Linux in the news
All in one big page
See also: last week's Development page.
Open CASCADE available. The source for the Open CASCADE design and modeling system (released under the GPL, covered in the December 9 LWN) is now available for download. Details in the announcement, source is available from opencascade.org. The Open CASCADE Object Libraries are reusable C++ object libraries typically used for developments such as domain-specific CAD, manufacturing or analysis applications, simulation applications, and illustration tools.
ApacheApache optimization patches from SGI. One of the better-kept secrets in the Apache world seems to be the performance patches that are available from SGI. These patches optimize a number of aspects of Apache's operation, leading to a claimed performance "up to ten times faster than 'vanilla' Apache right out of the box."
There is currently some resistence to incorporating these patches into the mainline Apache source. Reasons have to do with coding style, and with a lack of desire to make massive changes to the critical parts of Apache 1.3. Some of these patches may well appear in Apache 2.0, however.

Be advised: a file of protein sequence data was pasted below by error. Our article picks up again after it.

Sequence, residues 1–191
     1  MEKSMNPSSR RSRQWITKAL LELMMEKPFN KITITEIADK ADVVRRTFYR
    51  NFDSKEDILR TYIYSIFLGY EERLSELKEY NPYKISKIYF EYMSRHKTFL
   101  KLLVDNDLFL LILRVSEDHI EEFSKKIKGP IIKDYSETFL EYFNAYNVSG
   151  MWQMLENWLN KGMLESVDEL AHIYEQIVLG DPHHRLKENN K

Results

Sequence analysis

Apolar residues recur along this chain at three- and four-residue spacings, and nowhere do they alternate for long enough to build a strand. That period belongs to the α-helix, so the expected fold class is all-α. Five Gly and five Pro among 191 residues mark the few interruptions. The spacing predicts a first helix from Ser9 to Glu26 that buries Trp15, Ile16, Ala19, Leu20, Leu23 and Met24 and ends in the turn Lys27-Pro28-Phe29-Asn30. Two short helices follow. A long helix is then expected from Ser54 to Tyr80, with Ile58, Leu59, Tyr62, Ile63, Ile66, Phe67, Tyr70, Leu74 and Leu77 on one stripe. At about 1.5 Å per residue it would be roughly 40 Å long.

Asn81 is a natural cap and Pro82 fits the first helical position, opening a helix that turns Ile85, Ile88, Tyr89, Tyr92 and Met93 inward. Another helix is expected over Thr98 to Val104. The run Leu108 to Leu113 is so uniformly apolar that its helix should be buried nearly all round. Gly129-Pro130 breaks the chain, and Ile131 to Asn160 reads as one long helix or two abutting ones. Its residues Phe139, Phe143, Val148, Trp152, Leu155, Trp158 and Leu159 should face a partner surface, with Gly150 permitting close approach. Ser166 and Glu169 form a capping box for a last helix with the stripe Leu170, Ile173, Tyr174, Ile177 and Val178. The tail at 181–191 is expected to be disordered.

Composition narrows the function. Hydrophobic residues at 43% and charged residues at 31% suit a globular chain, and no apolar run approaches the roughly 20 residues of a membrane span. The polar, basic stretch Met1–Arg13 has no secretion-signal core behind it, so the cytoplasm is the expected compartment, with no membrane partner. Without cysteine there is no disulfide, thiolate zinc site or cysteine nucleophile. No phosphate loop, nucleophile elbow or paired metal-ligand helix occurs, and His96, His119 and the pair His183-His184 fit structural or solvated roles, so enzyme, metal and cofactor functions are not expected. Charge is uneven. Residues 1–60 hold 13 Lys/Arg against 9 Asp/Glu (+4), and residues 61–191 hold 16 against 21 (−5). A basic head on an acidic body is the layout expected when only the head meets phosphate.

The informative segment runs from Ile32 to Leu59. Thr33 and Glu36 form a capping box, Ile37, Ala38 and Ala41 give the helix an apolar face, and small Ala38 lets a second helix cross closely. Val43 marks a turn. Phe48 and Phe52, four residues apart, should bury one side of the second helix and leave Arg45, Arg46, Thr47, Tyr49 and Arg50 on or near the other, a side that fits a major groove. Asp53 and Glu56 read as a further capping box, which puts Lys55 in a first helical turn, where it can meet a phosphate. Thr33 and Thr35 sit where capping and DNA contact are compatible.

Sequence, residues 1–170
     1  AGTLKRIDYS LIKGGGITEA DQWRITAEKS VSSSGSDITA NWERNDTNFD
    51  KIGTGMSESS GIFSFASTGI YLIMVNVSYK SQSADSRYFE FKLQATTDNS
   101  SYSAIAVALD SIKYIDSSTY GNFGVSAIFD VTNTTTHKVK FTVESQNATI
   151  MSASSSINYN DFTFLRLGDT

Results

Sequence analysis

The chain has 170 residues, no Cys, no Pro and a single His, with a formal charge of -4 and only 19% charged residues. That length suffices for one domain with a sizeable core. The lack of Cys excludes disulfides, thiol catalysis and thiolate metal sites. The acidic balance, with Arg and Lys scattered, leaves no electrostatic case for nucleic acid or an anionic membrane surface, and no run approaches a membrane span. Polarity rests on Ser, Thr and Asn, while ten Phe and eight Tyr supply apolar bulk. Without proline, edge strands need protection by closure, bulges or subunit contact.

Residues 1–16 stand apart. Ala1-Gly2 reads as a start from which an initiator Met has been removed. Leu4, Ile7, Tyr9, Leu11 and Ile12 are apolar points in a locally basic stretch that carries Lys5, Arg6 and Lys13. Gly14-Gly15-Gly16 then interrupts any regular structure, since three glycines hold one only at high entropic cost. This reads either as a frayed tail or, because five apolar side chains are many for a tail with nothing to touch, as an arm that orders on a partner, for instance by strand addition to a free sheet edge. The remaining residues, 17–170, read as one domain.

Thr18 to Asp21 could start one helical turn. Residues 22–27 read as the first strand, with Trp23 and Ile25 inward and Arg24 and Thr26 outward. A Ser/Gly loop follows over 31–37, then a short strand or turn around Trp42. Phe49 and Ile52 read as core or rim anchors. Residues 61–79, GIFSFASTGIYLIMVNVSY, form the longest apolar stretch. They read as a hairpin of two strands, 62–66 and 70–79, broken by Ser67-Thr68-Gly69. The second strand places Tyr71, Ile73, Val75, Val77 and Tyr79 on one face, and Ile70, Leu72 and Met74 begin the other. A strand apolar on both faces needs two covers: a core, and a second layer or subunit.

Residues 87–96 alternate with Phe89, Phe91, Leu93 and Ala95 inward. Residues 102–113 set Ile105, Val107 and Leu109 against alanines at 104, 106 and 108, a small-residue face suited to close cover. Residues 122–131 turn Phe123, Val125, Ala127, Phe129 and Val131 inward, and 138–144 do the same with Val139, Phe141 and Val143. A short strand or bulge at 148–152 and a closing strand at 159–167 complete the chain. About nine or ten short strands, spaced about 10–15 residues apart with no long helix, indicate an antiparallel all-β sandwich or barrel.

EducationLinuxForKids: Learning (non-computer) languages. A new page has been added over at LinuxForKids, one that tracks language-related educational software. Lingoteach, Compjugador and Correcteur are three titles that they've included so far.
Embedded LinuxReal Time Linux Workshop Report. Linux Devices has posted News and Analysis from the December Real Time Linux Workshop, held last week in Vienna, Austra. "The world's leading developers of real time and embedded Linux implementations, gathered together this week for the Real Time Linux Workshop (at the University of Technology in Vienna, Austria), have reached consensus on standardizing a real time ''application programming interface'' (API) which will vastly expand the use of Linux in non-desktop real time and embedded applications."
More news from the Workshop came from Phil Wilshire's daily reports:
Linux-SRT. Linux-SRT is an extension to the Linux kernel to support soft real time. As they explain on the website, Linux-SRT lets you "specify a desired Quality of Service (QOS) for real time applications. You can assign a certain percentage of the CPU to each task. This is more precise than the standard scheduler (which makes no guarantees) and more flexible than the all-or-nothing POSIX real time priorities." This is not a new project, but Martin Keegan dropped us a note to point out that we had not mentioned it before.
GamingThe Open Game Source. Dennis Payne has been writing a monthly column called the Open Game Source; it looks at games from a development perspective. The current column, just released, is about Angband.